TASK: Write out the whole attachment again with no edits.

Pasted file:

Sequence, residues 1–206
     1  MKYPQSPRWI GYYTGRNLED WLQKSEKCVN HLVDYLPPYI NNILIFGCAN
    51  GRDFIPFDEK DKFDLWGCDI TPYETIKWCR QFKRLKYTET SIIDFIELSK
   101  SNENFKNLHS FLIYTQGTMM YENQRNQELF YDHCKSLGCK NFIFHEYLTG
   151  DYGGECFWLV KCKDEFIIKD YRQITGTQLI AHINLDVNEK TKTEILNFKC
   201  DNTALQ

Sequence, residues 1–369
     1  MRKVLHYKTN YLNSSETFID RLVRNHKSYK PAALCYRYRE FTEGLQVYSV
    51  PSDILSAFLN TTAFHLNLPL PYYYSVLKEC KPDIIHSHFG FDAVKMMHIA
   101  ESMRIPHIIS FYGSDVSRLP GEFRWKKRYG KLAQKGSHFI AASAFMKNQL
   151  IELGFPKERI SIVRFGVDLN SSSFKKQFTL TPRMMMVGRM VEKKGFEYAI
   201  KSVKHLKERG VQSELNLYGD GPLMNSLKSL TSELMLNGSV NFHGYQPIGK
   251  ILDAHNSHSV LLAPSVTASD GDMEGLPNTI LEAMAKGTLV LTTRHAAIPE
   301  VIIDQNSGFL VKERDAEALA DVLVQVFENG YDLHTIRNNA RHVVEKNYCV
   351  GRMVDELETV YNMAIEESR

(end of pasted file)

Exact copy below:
Sequence, residues 1–206
     1  MKYPQSPRWI GYYTGRNLED WLQKSEKCVN HLVDYLPPYI NNILIFGCAN
    51  GRDFIPFDEK DKFDLWGCDI TPYETIKWCR QFKRLKYTET SIIDFIELSK
   101  SNENFKNLHS FLIYTQGTMM YENQRNQELF YDHCKSLGCK NFIFHEYLTG
   151  DYGGECFWLV KCKDEFIIKD YRQITGTQLI AHINLDVNEK TKTEILNFKC
   201  DNTALQ

Sequence, residues 1–369
     1  MRKVLHYKTN YLNSSETFID RLVRNHKSYK PAALCYRYRE FTEGLQVYSV
    51  PSDILSAFLN TTAFHLNLPL PYYYSVLKEC KPDIIHSHFG FDAVKMMHIA
   101  ESMRIPHIIS FYGSDVSRLP GEFRWKKRYG KLAQKGSHFI AASAFMKNQL
   151  IELGFPKERI SIVRFGVDLN SSSFKKQFTL TPRMMMVGRM VEKKGFEYAI
   201  KSVKHLKERG VQSELNLYGD GPLMNSLKSL TSELMLNGSV NFHGYQPIGK
   251  ILDAHNSHSV LLAPSVTASD GDMEGLPNTI LEAMAKGTLV LTTRHAAIPE
   301  VIIDQNSGFL VKERDAEALA DVLVQVFENG YDLHTIRNNA RHVVEKNYCV
   351  GRMVDELETV YNMAIEESR